Early Days in Miami

Where is the city of Coral Gables? How many of you have ever lived in Coral Gables? How many have been to Coral Gables? Today I am going to give you a history lesson on this famous suburb of Miami.
In l898, Solomon Merrick, A Congregational minister on Cape Cod in Massachusetts, retired and moved his family to Florida seeking a better climate for his ailing wife. He p urchased a homestead of l60 acres of land, high pine land, rich in good soil. Sol Merrick and his family moved into a frame house but in time they built a home of native rock with a gabled roof and named it "Coral Gables." The inspiration for this name came from the name "Grey Gables," the home of President Grover Cleveland on Cape Cod. This home from which the city of Coral Gables got its name has been restored and is now on the National Registry of Historical Buildings.
The real builder of this dream city was George Merrick who took over the family property when his father Solomon Merrick died in l9ll. From l9ll to l92l, George Merrick dreamed of a beautiful city and began to plan toward this end. He gradually acquired more land to add to the original family holdings. Then he began to develop his grand dream-a perfect city. His uncle, pioneer architect Denman Fink, designed the complete plans for the ci ty with l75 fountains, gateways, plazas, parks, open spaces, and canals.
His plans completed, George Merrick headed to New York to seek financial backing. He got $500,000 from New York banks and with some of this money added 3000 acres of land to his holdings and formed the Coral Gables Corporation. The first l00 homes built in Coral Gables sold for $2000. This was in the early l920's. The large homes with what George Merrick called Mediterranean style of architecture-a blend of Spanish and Italian-came later in l924 and l925 when the land boom turned South Florida into a bedlam of real estate promotions from West Palm Beach to Miami.
As the land boom flourished and grew, George Merrick used a lot of "hoopla" to promote Coral Gables. It was like an old fashioned medicine show. Merrick had 3000 salesmen across the country and a fleet of 86 buses to bring prospective buyers from all over the country. When the buses arrived in Coral Gables, they were welcomed by none other than th e great William Jennings Bryan who welcomed the visitors with his oratorical skill. Paul Whiteman and his band and Jan Garber with his band added glamour to the scene.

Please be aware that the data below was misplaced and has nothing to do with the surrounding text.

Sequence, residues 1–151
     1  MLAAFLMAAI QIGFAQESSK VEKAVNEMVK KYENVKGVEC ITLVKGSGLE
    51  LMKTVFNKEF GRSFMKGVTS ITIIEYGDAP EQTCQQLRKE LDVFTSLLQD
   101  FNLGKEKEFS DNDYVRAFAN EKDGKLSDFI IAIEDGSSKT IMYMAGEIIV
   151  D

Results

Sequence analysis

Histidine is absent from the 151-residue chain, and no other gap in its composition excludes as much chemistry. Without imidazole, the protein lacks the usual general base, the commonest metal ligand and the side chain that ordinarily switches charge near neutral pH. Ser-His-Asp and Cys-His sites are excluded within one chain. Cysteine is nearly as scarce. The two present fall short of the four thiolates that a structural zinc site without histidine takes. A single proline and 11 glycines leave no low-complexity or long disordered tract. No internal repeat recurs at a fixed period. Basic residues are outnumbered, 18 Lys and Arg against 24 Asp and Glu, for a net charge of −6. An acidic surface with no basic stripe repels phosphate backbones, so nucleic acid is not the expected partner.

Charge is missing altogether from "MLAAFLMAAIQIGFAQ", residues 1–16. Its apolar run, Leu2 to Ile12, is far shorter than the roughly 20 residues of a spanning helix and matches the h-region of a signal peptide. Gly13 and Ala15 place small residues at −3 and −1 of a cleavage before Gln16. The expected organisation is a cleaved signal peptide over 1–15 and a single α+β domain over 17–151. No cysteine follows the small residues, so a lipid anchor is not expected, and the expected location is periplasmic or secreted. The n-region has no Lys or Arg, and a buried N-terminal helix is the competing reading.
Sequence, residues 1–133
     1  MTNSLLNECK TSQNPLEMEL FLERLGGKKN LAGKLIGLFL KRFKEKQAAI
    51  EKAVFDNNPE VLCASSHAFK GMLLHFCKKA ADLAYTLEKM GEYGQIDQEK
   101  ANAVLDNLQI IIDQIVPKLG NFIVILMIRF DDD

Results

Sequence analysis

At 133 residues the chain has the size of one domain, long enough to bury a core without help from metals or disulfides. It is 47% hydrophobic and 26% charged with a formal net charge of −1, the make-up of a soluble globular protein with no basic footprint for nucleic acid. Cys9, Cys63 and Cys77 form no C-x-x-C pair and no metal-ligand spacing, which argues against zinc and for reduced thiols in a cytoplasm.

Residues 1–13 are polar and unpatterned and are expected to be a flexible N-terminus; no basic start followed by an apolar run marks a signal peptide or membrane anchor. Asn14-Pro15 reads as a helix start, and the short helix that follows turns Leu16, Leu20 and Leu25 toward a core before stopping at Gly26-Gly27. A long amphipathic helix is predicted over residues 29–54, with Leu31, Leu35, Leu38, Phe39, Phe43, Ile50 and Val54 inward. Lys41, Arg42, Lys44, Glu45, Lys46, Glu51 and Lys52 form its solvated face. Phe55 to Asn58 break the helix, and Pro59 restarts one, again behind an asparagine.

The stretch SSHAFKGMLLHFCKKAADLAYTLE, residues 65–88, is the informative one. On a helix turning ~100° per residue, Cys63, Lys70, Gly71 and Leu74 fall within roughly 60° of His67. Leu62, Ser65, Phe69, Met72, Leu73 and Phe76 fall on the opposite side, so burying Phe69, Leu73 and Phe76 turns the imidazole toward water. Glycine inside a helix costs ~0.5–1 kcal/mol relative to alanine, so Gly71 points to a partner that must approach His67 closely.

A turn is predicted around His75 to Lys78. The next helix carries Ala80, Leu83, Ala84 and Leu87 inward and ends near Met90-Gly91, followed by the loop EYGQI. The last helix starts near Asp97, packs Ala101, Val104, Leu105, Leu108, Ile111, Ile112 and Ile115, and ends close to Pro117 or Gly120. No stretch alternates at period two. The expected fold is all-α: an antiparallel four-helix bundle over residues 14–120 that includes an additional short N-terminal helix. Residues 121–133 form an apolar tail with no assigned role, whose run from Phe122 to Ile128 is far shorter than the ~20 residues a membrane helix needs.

On Flagler Street all of the big developers including Coral Gables had great halls where music and lectures ran from early morning until late at night. Nothing like the South Florida boom has ever been seen in this country. Transportation was blocked, trains of boxcars were backed up as far as Cincinnati and the rail lines had to declare an embargo. Boats loaded with building materials could not get into the harbor to unload and had to anchor outside for days.
In this boom time, Coral Gables prospered and grew into a beautiful suburb of Miami. Coral Gables was incorporated in l925 and a rapid transit line was built by the City of Coral Gables to connect it more closely to Miami. In l926, the Biltmore Hotel and Country Club was built but never was much of a success because soon after it was finished, a hurricane hit in September of l926 and created devastation and destruction from Pompano Beach to Homestead. When the storm passed, there were 246 dead and over 76 million dollars in property damage. The winds were clocked at l50 miles an hour. When the clean up crews were finished, George Merrick tried to keep his dream alive but it was an impossible job. He used up all of his personal fortune in an effort to keep his dream from folding up. Dead broke with no one to help him, he left his beloved Cora l Gables and settled down on the Florida Keys in a little fishing cabin that his wife owned and from l928 until l935 he eked out a meager living as a fishing guide.
In l935, a wealthy oilman bought the Biltmore Hotel and made other investments in Coral Gables. One day he asked someone what had become of George Merrick and he was told the situation. The oil man had someone bring Merrick to see him and he arranged to set him up in business as a real estate broker with a big office in Coral Gables a nd Miami. And so George was back in business again in his beloved city of Coral Gables. In l939, the position of Postmaster in the city of Miami came open and President Franklin D. Roosevelt appointed George Merrick the Postmaster where he served until his death in l942.
We have lived in Coral Gables for the past thirteen years, and we agree with the statement made some years ago by George Merrick that Coral Gables was a combination of romance, beauty, and inspiration. We love its tree -lined streets and green lawns and its quiet friendly community. George Merrick said it best when referring to Coral Gables and all of South Florida when he said, "The Miami area and on down to Cape Sable comprises the only American tropics and in that fact Miami will forever hold a priceless monopoly and will always be a grand place to live."

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